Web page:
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Sound and Vision: Is personalised sound true to artist intent?

OPINION: I’ve been listening to Nura’s products for the past couple of months, and when listening to the NuraTrue Pro, it got me thinking about the accuracy of personalised sound.

Not accuracy in the sense of how Nura measures my hearing, but accuracy in the sense of whether the end result of all that is true to the artist’s intent. And not to single out Nura, as there are a number of brands that offer personalised sound that includes SoundID, Jabra’s MySound and others that take a similar approach.

It’s intriguing because if, say, you’re not as receptive to bass frequencies or high notes and as a result of the personalisation the headphones boost that area, is that performance faithful to whatever the recording artists or production house intended it to be or is it something else?

Are you hearing an artist’s performance through the lens of this personalised soundscape? I suppose if you were to put the point to one of these personalised sound brands, they would say it would allow the listener to hear more. Perhaps you could say just turn it off and go without, as with some personalised sound features I’ve simply not heard a difference with it on or off. But others have realised a better performance to the point where the previous tuning sounds drab and boring.

At least with the Nura headphones I’ve been listening to, the sound quality has been consistent, whether I’m using a true wireless or an over-ear headphone. But I would also say that Nura has an idea about how it wants headphones to sound, like any other headphone maker. Bose has their ideas, which differ from Sony’s philosophy, which is different to Bowers & Wilkins, all informed by history and knowledge. Then you have the effect noise cancellation can have on sound quality, as well as the devices you’re listening on, which can add noise, or with personal music players, subtract it from the signal.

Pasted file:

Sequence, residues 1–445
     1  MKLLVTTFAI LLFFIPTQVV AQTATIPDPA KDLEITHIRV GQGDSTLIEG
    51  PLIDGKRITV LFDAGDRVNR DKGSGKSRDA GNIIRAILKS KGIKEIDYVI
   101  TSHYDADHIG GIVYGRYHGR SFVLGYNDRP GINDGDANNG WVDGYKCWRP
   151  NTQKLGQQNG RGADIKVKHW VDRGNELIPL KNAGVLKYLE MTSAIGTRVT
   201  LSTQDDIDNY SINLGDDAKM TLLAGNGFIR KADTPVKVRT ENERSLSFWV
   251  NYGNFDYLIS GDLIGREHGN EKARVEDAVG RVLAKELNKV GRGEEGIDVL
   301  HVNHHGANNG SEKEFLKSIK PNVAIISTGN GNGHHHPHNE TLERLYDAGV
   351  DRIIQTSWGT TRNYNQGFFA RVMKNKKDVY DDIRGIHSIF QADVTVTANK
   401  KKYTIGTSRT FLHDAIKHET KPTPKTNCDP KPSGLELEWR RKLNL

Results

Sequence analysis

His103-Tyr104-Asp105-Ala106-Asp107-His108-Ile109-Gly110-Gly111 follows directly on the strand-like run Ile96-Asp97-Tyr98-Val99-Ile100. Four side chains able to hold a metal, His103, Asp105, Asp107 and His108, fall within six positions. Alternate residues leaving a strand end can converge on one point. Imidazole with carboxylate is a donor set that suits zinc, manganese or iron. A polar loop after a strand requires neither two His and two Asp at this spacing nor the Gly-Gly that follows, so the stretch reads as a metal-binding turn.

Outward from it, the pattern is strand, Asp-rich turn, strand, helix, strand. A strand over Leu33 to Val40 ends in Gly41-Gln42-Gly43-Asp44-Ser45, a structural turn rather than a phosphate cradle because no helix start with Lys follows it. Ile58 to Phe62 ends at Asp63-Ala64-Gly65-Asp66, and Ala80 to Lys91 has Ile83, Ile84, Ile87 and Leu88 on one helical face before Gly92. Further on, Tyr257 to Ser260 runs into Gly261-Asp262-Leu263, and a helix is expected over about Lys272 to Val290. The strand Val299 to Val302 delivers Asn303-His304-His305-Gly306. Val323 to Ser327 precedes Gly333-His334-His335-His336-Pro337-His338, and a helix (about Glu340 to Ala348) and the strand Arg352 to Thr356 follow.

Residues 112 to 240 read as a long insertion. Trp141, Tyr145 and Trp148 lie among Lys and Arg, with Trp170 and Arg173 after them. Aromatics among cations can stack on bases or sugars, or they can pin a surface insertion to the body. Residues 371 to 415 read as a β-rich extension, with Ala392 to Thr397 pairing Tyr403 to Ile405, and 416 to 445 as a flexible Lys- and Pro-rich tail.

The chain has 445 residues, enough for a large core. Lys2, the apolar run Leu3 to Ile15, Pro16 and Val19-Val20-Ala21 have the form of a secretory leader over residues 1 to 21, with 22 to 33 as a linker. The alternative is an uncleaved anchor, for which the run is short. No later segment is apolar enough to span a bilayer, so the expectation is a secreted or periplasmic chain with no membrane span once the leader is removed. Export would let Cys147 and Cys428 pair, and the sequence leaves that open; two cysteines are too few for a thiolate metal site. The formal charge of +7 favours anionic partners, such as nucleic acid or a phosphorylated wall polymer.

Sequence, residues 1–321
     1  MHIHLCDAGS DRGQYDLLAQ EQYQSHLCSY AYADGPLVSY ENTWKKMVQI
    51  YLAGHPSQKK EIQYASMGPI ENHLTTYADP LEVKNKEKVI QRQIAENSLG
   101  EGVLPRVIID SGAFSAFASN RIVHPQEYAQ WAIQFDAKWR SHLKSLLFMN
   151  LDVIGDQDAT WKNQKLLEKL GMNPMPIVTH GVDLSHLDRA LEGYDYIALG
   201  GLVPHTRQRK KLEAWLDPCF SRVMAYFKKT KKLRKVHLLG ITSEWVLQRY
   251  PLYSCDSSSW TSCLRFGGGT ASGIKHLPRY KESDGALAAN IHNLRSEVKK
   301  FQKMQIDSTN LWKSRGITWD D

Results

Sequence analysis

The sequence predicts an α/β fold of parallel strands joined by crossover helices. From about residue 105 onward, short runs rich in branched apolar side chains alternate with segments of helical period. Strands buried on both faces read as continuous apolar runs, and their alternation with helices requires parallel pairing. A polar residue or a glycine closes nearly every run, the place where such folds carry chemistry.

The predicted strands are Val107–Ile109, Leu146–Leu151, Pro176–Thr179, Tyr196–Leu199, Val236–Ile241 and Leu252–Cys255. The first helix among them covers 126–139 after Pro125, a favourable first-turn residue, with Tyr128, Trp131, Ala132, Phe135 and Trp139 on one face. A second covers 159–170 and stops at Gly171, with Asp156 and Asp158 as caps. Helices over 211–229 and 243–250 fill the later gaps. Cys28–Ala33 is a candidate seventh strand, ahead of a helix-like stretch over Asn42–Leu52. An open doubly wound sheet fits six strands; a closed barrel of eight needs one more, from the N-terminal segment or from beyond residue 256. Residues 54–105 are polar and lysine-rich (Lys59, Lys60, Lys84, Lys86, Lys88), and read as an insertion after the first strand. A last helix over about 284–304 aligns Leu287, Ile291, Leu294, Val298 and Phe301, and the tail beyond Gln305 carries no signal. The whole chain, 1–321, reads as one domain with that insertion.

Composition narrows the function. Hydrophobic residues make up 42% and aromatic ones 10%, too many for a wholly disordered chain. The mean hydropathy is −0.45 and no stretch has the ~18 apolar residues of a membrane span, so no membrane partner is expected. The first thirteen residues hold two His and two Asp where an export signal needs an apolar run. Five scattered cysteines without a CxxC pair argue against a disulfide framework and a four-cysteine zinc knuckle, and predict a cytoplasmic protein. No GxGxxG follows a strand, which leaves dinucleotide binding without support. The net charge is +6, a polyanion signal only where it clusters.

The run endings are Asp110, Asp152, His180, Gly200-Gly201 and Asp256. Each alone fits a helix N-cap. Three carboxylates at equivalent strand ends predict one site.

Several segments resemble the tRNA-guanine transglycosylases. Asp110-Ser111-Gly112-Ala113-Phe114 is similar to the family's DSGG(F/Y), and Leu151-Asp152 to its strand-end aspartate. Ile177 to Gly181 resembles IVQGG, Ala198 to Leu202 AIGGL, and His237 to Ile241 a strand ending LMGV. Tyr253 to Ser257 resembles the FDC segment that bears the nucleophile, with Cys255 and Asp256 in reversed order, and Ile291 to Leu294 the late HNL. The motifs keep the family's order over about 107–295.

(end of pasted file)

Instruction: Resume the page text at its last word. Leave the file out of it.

NuraTrue Pro touch surface

And what further ups the ante is the increase in resolution. More bits and data allow for a better reproduction of music. The NuraTrue Pro are among the first headphones to support Qualcomm’s aptX Lossless, part of the Snapdragon Sound ecosystem. To get the best uncompressed CD quality sound over Bluetooth – at least from Qualcomm’s perspective – you’d need Snapdragon Sound supported products. Throw in personalised sound and will you hear a faithful reproduction of a 24-bit/96kHz file, or one that’s filtered through a personalised perspective? Which one carries more weight in terms of fidelity? What you can hear or what you should be hearing?

I have no idea but, clearly, I do have lots of questions. I suppose at the end of the day if it sounds good to you, then whatever approach works, like it does with headphones that have built-in equaliser options. In that sense you’ve always been able to tailor the sound to what you want, regardless of whether it’s necessary accurate.

I was told once there’s always a degree of compromise in products, that if you want the ‘perfect’ sound, you’d have to pay thousands for that level of fidelity. Everything is a compromise, it’s a case of how much. Want the best sound quality then Tidal, Deezer and Qobuz are better places to start your audio journey than Spotify in terms of fidelity.

So when it comes to “hearing music as it’s meant to be heard”, what does that actually mean? Does that really exists or is that a slogan bandied about. I don’t have the answers but I’m intrigued to find some with this supposedly new era of wireless high fidelity approaching.

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